Know When to Hold ‘em, Know When to Fold ‘em, Know When to Walk Away, Know When to Just Paint Something Else for Crying Out Loud / by Vanessa Longacre-Wilcox

Work in no-progress.

Work in no-progress.

Doing what I say I’ll do is important to me.  So closing in on 2 months since detailing my block about my painting, and nearing 3 months since I recommitted to doing it, and rounding out a year since I planned it, and the fact that I am still at a standstill is very disheartening.  I have tried to get it done, I have gone through the motions, I’ve gotten my supplies, I’ve stretched and prepped my own canvas (for the first time in 15 years) and yet it sits untouched and looming over my art space.  A reminder of what I said I would do and a reminder of my failure to do so.  I’ve stopped going to my desk entirely because I don’t want to be faced with it.  As a result, I haven’t created a single piece of art in more than a month.

Nearly every day I intend for today to be the day!  Or maybe more accurately, tomorrow to be the day!  Definitely tomorrow.  Tomorrow has so much promise.  Time is ticking on and I’ve blown my plan for October, I’m cruising through November fruitlessly, and now I’m running up against projects I need to have finished in December.

A wise woman I know taught me a lesson about changing an undesirable behavior. If you have tried “Well, I just will/or won’t do that anymore” as a strategy more than one time and failed, you need a new strategy.  Whatever is going on is not about willpower, and you need to find a way to support the change you want to make.  You need to do it with more than just words and good intentions.

This seems desperately true in the case of this painting.   I’ve explored why I might not be doing it, and there are reasons, all mental and emotional barriers.  They are real reasons, but are they good ones?  Eh.  Does it even matter? Probably not.

More disturbing to me than the fact that I haven’t done the painting is that I haven’t done any other artwork either.  What was a daily routine is suddenly absent.  I haven’t written about creating art in nearly two months, I have barely even mustered up the 140 characters to tweet about it.  This doesn’t feel like a slump.  It feels like a coup d’état.  An overthrowing of the diligence and commitment I had created in my life over the past year. In its place stands resistance and ego.

The question is what to do about it?

As Kenny Rogers says, you’ve got to know when to hold ‘em and know when to fold ‘em. But how do you know which? Here is what I’m asking myself to figure that out:

What’s the point?

Why do I think I need to do this painting? Because I said I would? A matter of integrity? Because it is a technical challenge? Because it is a tribute to my mother? I think the answer to all these questions is yes.  But is the importance of this particular painting unique?  Not really.  For example, if I wanted to honor my mother through art, I can think of many projects to do that.  I can look objectively at all of these questions, except for one.  I can’t seem to let go of “but I said I would” and what I think it means about me when I don’t do what I say I’ll do.  But is that enough of a reason to hold on? I think the answer depends on the next question.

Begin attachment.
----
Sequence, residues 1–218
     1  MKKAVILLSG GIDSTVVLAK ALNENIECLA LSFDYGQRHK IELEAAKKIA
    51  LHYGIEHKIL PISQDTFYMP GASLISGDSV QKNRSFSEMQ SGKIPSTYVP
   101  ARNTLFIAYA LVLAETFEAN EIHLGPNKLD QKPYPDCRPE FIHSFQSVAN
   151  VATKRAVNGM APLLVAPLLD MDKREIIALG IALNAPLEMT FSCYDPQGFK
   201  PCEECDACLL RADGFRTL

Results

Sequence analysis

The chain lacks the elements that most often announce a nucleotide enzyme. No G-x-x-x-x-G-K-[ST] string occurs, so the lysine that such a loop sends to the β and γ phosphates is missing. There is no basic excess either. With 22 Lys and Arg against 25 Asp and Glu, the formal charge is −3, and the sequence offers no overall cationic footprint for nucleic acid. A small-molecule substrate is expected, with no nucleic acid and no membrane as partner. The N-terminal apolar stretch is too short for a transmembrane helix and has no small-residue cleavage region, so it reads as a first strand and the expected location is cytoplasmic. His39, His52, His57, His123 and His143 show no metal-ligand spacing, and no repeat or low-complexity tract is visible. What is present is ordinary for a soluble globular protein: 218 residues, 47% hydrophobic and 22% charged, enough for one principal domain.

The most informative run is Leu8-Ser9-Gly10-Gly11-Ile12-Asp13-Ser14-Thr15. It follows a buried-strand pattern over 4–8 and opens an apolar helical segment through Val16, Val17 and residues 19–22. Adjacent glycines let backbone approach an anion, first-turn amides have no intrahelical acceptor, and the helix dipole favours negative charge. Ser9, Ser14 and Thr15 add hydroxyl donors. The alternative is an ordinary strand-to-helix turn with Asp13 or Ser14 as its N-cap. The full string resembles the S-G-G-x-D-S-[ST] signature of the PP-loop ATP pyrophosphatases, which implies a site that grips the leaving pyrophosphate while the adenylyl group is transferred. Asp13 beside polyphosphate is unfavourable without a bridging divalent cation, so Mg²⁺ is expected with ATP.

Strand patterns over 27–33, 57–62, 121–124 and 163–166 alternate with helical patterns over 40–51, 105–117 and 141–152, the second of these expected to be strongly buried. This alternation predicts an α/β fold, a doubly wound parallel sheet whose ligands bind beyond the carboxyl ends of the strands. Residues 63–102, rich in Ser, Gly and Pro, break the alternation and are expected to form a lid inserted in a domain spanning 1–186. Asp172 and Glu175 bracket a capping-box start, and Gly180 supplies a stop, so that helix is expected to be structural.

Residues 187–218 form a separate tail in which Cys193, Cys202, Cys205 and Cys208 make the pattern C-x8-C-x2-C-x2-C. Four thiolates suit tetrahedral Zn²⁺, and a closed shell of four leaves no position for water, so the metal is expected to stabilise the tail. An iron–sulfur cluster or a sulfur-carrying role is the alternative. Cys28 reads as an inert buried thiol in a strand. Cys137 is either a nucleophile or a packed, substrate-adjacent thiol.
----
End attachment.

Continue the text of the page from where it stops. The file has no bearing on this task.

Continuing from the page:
Is it worth it?  

Is this project so artistically or personally important that it is worth doing at the expense of all other art and goals I have set up for myself?  Thinking about this question the answer is obvious.  No, and my inflated sense of importance about this project is really a smokescreen. Using this noble idea of “integrity” is a cover for my ego trying to avoid failure.  And the irony is that the harder I hold on to avoiding failure the more failure I create.  More projects I said I would do (if only to myself) are not getting done the longer I hold on to this one.

What do I do now?

One of the reasons I thought it was important to do this painting was so that I could learn whatever lesson it had to offer.  I think there would probably be things to learn from making it but what have I learned from failing to make it? 

In talking with friends about it, I discussed failing. People responded with kindness and reassurance that I could always paint it later and that since it was a self-made project it wasn’t really a failure.  But I think it is valuable for me to look at this as a failure.  If for no other reason than as practice for dealing with it. 

So what lessons can I take moving forward from it?  Things like:

  • Remember the advice: If I’m not getting something done, change my strategy.
  • Accept failure sooner: Don’t let ego hide the fact that I have failed.  Own it.
  • Failure doesn’t define us: If I hadn’t been worried that quitting meant I had lost integrity, I would have switched projects weeks ago.

Emotionally and creatively, I’m sure the right thing for me to do is to move on.  But I have to be willing to let myself fail and admit it.

This might only be important to me but here it goes; I failed.  I did not get this done and I am going to quit.  I am not even going to promise to get to it someday.  I am just going to let it be a failure, and be okay with that.

(Look up to see if sky has crashed.  Nope.  On to the next thing.)